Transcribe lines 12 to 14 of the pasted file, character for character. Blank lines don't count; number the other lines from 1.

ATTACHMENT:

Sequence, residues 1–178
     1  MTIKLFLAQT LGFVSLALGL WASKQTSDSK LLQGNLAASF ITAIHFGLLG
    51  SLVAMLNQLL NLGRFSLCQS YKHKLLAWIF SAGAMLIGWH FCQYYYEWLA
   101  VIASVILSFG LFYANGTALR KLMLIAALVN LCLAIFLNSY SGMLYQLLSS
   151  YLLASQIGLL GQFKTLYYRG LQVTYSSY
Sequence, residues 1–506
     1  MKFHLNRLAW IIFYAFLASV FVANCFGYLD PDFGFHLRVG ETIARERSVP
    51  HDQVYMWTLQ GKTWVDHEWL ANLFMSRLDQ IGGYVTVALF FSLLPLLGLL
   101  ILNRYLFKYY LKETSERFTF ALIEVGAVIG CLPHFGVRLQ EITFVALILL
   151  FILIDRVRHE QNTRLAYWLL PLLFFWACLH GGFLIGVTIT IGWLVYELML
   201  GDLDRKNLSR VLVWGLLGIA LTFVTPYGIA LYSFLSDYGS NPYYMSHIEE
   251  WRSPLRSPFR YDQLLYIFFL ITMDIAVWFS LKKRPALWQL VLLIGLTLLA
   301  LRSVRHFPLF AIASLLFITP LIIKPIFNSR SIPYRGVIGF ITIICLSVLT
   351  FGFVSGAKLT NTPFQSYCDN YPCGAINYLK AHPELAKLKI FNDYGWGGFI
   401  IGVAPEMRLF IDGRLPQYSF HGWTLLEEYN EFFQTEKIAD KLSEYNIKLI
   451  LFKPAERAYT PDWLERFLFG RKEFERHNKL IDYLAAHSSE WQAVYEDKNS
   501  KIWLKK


   251  WRSPLRSPFR YDQLLYIFFL ITMDIAVWFS LKKRPALWQL VLLIGLTLLA
   301  LRSVRHFPLF AIASLLFITP LIIKPIFNSR SIPYRGVIGF ITIICLSVLT
   351  FGFVSGAKLT NTPFQSYCDN YPCGAINYLK AHPELAKLKI FNDYGWGGFI